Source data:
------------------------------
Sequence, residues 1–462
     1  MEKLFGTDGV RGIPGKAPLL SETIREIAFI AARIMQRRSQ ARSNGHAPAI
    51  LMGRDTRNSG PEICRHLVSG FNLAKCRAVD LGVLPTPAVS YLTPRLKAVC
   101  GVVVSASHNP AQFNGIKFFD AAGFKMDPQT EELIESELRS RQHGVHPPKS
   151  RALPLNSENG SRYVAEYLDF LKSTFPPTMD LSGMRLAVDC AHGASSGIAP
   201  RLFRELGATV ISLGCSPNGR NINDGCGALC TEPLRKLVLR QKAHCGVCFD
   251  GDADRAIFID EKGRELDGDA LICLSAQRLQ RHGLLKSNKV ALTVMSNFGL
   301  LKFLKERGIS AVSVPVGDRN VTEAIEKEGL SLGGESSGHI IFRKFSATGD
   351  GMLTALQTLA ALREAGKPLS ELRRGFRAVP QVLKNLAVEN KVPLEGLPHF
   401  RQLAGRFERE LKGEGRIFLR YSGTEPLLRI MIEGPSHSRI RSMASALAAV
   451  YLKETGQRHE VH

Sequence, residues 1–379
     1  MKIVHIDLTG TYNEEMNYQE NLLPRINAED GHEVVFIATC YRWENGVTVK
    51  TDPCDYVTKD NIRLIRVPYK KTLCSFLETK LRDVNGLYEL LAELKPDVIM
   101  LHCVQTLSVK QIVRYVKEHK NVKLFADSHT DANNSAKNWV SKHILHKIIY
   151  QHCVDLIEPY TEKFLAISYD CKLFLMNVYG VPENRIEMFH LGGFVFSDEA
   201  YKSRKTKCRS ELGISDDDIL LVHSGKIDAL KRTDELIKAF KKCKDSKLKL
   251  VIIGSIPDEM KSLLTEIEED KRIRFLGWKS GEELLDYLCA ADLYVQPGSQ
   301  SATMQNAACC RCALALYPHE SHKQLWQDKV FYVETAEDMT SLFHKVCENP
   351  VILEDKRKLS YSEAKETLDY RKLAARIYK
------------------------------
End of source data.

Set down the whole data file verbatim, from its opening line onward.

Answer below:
Sequence, residues 1–462
     1  MEKLFGTDGV RGIPGKAPLL SETIREIAFI AARIMQRRSQ ARSNGHAPAI
    51  LMGRDTRNSG PEICRHLVSG FNLAKCRAVD LGVLPTPAVS YLTPRLKAVC
   101  GVVVSASHNP AQFNGIKFFD AAGFKMDPQT EELIESELRS RQHGVHPPKS
   151  RALPLNSENG SRYVAEYLDF LKSTFPPTMD LSGMRLAVDC AHGASSGIAP
   201  RLFRELGATV ISLGCSPNGR NINDGCGALC TEPLRKLVLR QKAHCGVCFD
   251  GDADRAIFID EKGRELDGDA LICLSAQRLQ RHGLLKSNKV ALTVMSNFGL
   301  LKFLKERGIS AVSVPVGDRN VTEAIEKEGL SLGGESSGHI IFRKFSATGD
   351  GMLTALQTLA ALREAGKPLS ELRRGFRAVP QVLKNLAVEN KVPLEGLPHF
   401  RQLAGRFERE LKGEGRIFLR YSGTEPLLRI MIEGPSHSRI RSMASALAAV
   451  YLKETGQRHE VH

Sequence, residues 1–379
     1  MKIVHIDLTG TYNEEMNYQE NLLPRINAED GHEVVFIATC YRWENGVTVK
    51  TDPCDYVTKD NIRLIRVPYK KTLCSFLETK LRDVNGLYEL LAELKPDVIM
   101  LHCVQTLSVK QIVRYVKEHK NVKLFADSHT DANNSAKNWV SKHILHKIIY
   151  QHCVDLIEPY TEKFLAISYD CKLFLMNVYG VPENRIEMFH LGGFVFSDEA
   201  YKSRKTKCRS ELGISDDDIL LVHSGKIDAL KRTDELIKAF KKCKDSKLKL
   251  VIIGSIPDEM KSLLTEIEED KRIRFLGWKS GEELLDYLCA ADLYVQPGSQ
   301  SATMQNAACC RCALALYPHE SHKQLWQDKV FYVETAEDMT SLFHKVCENP
   351  VILEDKRKLS YSEAKETLDY RKLAARIYK